He and Violet were both named Paul Harris Fellows, which is recognition given only to the most generous supporters of the Rotary Foundation, according to Bohnsack.

“George also liked to have fun and humored us with many interesting stories of the early days of Rotary . . . His stories and our connection to the past will sorely be missed,” Bohnsack added.

Some would say Peterson was a “spoiled” man, being taken care of wherever he went; especially by his wife.

For example, not only during the weekly Rotary meetings, but almost anywhere, Peterson received special treatment with a bowl of vanilla ice cream served to him following the meal.

Mark Peterson recalled funerals at the Cokato Evangelical Lutheran Church.

George would tease the ladies working, “What, no ice cream?”

One particular funeral, the ladies dished up a large bowl of ice cream, enough for five people, Mark said, and made him eat it all up.

Pastor Dan Swanson of First Baptist Church of Cokato has known Peterson since he joined Rotary more than 18 years ago and has worked alongside him during many funerals over the years.

“I have found him to be an impeccable businessman – up front and honest,” Swanson said.

“His mind is a storehouse of information, not only of Rotary, but of the town. That is going to be missed. Whenever we needed to know something, he remembered it,” Swanson said.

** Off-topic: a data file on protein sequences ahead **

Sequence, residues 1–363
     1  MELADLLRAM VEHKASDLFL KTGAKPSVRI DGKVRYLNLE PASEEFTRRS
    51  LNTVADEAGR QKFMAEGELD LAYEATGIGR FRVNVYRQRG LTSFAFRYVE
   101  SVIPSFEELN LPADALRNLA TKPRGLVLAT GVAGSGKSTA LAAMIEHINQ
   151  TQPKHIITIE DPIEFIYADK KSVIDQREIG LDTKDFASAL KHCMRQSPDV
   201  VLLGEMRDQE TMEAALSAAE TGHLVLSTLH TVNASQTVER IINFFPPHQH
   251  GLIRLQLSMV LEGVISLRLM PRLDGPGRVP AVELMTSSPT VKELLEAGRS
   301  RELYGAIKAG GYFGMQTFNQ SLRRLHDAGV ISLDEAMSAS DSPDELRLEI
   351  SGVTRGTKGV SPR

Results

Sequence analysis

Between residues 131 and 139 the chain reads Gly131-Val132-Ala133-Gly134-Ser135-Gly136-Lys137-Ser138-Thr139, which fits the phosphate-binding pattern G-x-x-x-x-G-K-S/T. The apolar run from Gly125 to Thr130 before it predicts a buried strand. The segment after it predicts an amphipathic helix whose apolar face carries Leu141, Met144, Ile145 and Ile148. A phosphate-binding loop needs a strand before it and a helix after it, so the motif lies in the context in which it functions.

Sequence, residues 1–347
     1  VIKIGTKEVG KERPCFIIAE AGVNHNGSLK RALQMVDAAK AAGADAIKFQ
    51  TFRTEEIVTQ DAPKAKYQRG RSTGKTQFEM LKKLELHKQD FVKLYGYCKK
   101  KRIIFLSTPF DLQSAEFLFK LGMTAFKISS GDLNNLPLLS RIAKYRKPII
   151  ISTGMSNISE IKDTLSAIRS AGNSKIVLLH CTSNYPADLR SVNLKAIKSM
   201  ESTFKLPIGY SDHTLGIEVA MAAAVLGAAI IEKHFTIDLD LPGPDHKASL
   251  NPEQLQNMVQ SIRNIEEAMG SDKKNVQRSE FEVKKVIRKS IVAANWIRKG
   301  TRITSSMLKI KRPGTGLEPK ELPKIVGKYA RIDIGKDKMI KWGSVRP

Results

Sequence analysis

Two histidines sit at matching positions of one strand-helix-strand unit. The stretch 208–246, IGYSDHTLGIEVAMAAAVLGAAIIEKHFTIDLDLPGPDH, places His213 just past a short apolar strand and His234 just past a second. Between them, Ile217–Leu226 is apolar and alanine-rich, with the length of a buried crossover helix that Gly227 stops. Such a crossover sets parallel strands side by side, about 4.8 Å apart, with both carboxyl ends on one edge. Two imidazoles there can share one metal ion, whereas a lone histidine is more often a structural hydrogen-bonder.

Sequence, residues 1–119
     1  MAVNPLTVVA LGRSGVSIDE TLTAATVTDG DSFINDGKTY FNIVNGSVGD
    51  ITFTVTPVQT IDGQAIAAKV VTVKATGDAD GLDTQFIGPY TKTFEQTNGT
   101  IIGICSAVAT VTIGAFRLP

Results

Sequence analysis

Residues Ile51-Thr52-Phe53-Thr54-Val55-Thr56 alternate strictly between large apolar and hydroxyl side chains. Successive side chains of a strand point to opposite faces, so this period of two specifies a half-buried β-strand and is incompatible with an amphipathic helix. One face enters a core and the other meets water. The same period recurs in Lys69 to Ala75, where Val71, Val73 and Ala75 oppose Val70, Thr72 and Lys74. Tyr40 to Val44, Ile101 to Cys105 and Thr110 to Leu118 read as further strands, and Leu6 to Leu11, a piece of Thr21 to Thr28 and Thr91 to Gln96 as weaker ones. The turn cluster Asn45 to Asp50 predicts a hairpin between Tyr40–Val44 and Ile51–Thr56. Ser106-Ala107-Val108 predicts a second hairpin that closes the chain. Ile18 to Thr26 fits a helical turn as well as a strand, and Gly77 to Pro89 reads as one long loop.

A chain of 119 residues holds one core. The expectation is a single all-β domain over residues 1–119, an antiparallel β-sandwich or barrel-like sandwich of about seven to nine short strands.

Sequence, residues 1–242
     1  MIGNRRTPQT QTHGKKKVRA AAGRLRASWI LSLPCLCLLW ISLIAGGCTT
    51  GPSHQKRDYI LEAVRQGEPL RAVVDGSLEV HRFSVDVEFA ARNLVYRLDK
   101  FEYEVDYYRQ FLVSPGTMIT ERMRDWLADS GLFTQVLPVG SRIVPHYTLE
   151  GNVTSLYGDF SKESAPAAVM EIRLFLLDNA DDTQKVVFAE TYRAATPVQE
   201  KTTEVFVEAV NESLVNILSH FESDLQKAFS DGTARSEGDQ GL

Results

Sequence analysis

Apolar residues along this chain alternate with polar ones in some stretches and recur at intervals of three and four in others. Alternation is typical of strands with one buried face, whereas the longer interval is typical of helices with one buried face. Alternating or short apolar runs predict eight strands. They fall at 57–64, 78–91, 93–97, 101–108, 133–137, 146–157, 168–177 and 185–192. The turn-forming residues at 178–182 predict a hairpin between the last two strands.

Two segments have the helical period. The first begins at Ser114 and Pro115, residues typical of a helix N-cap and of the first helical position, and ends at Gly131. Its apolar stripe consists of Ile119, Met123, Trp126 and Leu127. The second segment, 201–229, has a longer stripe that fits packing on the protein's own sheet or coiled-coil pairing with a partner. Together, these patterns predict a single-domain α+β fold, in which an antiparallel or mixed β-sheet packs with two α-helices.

“He was just a very good friend – a loving husband, always concerned about Vi,” Swanson added.

Also, having a funeral home in Howard Lake, Peterson enjoyed being in business there and getting to know the people.

In Howard Lake, he was a member of the business association, and each year, sponsored a Good Neighbor Days queen candidate.

During some afternoons, Peterson could be seen sipping coffee at the Old Town Gallery in Howard Lake.

Peterson also served on the Cokato Legion as commander several times.

He and Violet were members of Elim Mission Church, where George enjoyed singing in the choir, especially old hymns of faith, according to Pastor Wally Glucklich.

Peterson passed away May 13 after months of kidney failure, at the age of 88.

“He is in a better place,” said his son, Mark.